A cremation oven is a large oven capable of reaching high temperatures, with special modifications to ensure the efficient disintegration of the corpse. One of these modifications is the aiming of the flames at the corpse's torso, where a majority of the corpse's mass rests.
The ovens use a number of different fuel sources, such as natural or propane gas. Modern cremation ovens include control systems that monitor the conditions inside the oven while a cremation is taking place. The operator can make adjustments to provide for more efficient burning, as well as ensuring that minimal environmental pollution occurs.
A cremation oven is not designed to cremate more than one body at a time, and to do so is against the law in all 50 US states and many other nations.
The chamber where the body is placed is called the retort. It is lined with special bricks to help retain the heat. These bricks require replacement after about five years because of continual expansion and contraction due to temperature cycling.
A body to be cremated is first placed in a container for cremation, which can be a simple corrugated cardboard box or a wooden casket. Most casket manufactures provide a line of caskets specially built for cremation. Another option is a cardboard box that fits inside a wooden shell designed to look like a traditional casket. After the funeral service the interior box is removed from the shell before cremation, permitting the shell to be reused.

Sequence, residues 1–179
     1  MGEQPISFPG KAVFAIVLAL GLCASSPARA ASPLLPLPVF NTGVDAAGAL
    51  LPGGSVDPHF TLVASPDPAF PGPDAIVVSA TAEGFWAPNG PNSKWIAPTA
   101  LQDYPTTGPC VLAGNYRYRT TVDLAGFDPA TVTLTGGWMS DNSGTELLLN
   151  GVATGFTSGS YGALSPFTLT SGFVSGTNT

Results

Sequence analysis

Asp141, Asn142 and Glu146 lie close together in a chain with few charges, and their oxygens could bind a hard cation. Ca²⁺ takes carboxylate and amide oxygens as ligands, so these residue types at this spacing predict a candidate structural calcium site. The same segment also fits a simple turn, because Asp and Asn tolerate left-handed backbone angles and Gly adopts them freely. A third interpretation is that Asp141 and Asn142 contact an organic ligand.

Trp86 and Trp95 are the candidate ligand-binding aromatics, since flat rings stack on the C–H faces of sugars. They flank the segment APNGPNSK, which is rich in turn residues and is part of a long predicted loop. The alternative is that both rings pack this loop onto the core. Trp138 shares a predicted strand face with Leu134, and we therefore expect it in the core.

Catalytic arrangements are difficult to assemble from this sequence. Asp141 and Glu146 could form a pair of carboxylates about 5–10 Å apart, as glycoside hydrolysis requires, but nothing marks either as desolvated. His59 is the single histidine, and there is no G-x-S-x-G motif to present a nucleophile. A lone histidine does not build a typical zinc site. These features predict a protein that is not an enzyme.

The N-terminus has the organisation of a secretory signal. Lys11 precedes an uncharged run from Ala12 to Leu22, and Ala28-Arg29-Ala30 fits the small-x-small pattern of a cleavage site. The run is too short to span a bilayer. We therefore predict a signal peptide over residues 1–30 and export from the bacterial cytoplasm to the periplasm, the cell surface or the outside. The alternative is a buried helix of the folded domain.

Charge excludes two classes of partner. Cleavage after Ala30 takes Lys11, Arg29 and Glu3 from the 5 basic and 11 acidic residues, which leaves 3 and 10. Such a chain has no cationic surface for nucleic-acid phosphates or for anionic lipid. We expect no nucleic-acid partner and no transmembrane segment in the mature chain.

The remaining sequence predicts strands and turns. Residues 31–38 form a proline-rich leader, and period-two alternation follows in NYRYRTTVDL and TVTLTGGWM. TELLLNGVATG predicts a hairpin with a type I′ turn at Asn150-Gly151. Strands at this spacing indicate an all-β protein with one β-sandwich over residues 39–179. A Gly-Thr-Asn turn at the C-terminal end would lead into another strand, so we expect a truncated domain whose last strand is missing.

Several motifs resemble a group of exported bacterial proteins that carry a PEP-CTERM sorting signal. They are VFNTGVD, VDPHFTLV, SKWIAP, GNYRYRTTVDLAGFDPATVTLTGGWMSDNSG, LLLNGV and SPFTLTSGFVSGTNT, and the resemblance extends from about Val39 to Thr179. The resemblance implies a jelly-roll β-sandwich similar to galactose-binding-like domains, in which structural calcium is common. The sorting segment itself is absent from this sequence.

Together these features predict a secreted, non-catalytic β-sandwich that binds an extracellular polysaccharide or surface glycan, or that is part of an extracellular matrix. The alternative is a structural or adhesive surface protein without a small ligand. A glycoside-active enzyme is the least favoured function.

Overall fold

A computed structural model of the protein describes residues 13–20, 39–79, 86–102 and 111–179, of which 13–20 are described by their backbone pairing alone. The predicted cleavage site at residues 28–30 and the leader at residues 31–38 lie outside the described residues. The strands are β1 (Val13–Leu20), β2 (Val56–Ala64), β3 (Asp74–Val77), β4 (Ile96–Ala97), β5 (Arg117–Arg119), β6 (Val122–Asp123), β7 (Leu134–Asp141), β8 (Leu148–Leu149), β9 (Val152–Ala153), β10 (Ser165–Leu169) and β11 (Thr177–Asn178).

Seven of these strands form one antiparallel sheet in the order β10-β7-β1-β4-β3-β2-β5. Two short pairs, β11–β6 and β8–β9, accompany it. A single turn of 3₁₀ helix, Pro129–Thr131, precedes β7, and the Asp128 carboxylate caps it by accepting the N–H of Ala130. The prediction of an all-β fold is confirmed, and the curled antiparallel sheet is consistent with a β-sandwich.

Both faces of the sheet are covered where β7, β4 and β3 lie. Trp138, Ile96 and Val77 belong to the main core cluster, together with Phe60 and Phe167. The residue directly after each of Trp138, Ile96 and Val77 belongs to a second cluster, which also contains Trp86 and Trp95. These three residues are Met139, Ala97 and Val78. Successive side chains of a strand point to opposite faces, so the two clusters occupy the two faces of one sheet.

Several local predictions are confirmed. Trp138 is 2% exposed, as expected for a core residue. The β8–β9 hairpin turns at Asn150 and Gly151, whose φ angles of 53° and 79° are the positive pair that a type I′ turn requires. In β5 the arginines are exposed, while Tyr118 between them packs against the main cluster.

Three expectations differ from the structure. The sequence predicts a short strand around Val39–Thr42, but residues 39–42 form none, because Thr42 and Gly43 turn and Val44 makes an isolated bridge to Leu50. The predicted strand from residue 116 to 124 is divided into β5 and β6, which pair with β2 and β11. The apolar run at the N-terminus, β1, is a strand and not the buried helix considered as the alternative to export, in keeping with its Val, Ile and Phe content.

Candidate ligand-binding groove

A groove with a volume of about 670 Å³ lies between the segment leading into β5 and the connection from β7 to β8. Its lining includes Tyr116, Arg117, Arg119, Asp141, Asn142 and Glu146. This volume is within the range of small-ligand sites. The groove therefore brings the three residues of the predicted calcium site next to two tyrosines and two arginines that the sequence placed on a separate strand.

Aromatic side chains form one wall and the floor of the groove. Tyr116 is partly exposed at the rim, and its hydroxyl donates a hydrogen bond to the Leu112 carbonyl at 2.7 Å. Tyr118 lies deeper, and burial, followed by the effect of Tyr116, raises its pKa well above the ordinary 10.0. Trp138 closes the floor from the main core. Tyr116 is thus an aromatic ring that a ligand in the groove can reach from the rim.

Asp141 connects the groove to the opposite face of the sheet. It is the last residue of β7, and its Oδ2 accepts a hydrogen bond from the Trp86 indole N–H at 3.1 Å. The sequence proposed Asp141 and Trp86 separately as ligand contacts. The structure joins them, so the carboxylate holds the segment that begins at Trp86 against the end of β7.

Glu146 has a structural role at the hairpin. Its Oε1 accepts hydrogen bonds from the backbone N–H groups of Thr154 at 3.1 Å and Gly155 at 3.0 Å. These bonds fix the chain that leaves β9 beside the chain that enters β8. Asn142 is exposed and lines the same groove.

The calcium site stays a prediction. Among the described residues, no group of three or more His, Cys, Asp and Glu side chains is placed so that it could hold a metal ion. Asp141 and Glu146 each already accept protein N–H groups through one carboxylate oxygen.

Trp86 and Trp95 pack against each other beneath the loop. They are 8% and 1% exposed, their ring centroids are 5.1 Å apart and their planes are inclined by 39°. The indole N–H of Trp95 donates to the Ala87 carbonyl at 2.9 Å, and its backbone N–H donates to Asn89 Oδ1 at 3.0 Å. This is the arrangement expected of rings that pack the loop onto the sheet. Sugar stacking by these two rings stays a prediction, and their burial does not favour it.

Funeral homes may also offer rental caskets, which are traditional caskets used only for the duration of the services, after which the body is transferred to another container for cremation. Rental caskets are sometimes designed with removable beds and liners, replaced after each use.
Burning and ashes collection